To raise future scientists, address our innate curiosity  

Michelangelo once said, “The sculpture is already complete within the marble block before I start my work.”

The same insight applies to the scientific potential that resides inside young people. Curiosity is imbued within every human being since our birth, and before we can find the words to explain why, we experience the urge to turn over rocks.

Often, efforts to promote science among young people aim to impress upon them what is important about science. But why don’t we instead help them find their inner sculptures and spark their interest in science by discussing topics that are salient to their life experiences? After all, passion for science is neither borne out of abstract principles nor laws, but out of profound and personal yearning for answers in our day-to-day lives.

Introducing the #YoungScientificAmerican, or #YSA, the first partnership between a scientific enterprise and a media company that aims to publish multimedia content for the youth. As a standalone section of the media outlet, #YSA will release weekly columns combining scientific literature with topics related to youth. The goal of the campaign is not to talk about the youth or to emphasize what established scientists consider important but rather to incorporate scientific thinking and evidence into conversations young people want to have. These will be the type of articles that families can discuss together at the dinner table or that teachers can use as introductory material in classrooms. They have the potential to go viral on various social media platforms, unified by #YSA.

After all, these topics have the potential to fascinate a wide and diverse readership. When we are young, we pursue some of the most formative, universal, and timeless inquiries, such as how to improve oneself, how to find one’s purpose or how to be accepted by others. Don’t we all subconsciously keep track of the social media posts that generated many likes as well as those that were met with utter silence? Don’t we all remember the various diets or exercise regimens that we tried before the class trip to the beach? Last but not least, do we ever stop trying to make good impressions on our crushes for as long as we live? Let’s harness this momentum to direct young people towards seeking and utilizing scientific evidence.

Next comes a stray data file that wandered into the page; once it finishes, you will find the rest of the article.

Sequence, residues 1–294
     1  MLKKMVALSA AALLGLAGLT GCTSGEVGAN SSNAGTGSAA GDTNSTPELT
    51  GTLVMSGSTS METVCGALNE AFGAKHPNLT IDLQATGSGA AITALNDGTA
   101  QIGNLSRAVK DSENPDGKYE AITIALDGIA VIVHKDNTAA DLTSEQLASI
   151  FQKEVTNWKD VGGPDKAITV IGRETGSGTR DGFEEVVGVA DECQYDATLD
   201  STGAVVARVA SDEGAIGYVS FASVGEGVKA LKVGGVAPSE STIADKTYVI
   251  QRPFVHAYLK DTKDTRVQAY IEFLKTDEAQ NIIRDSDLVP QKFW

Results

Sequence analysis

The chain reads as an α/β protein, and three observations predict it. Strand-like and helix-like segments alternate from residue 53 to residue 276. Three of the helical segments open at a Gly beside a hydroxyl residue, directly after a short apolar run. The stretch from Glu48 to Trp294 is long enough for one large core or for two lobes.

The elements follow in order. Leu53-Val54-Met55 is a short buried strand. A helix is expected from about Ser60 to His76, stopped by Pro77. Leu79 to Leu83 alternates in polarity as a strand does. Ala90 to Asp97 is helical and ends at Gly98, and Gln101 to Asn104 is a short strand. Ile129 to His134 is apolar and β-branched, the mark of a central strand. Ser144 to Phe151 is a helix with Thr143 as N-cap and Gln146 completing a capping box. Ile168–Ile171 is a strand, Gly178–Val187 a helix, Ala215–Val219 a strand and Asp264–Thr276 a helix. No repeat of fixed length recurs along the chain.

Imagine one such feature on the topic of “Why do I feel nervous when talking in front of the class?” something many young people struggle to overcome. This is the perfect hook to discuss some of the captivating literature on the fight-or-flight response, or the effects of catecholamines on the human body. Why does my heart race? Why do my palms get sweaty? They will be fascinated to learn that some physicians prescribe beta-blockers to people for performance anxiety, not to mention individuals who have conditions that predispose to sudden bursts of catecholamines, such as a pheochromocytoma. All of these articles can be incorporated into a scenario that captures a young person’s desire to be more confident. The same strategy can then be applied to topics such as attraction, friendship, diet, body image, and social media. Each issue can also have outreach campaigns via social media such as Twitter and Instagram to encourage young people to assert their own hypotheses and suggest their original ideas for experiments. Currently, the scientific method is viewed among young students as a professional skill. The #YoungScientificAmerican campaign will teach them to embrace the scientific method as a state of mind in a fun, social manner, no matter what the subject.

Scientific inquiry is a deeply personal and passionate endeavor. It requires years of hard work and countless experiments. But this process cannot be turned on exogenously; it must come from within. Thus, instead of just teaching that science is important, we must show them how science can be important in answering some of their most burning curiosities. To do this, we must meet them where they are. We cannot give them the marble or the sculpture, but rather the chisel to transform themselves from one into the other.

If we can accomplish this, who knows? One day, what started as reading about how to make more friends in high school may translate to a scientific inquiry worthy of winning the Nobel prize.

Jason J. Han is a cardiothoracic surgery resident.

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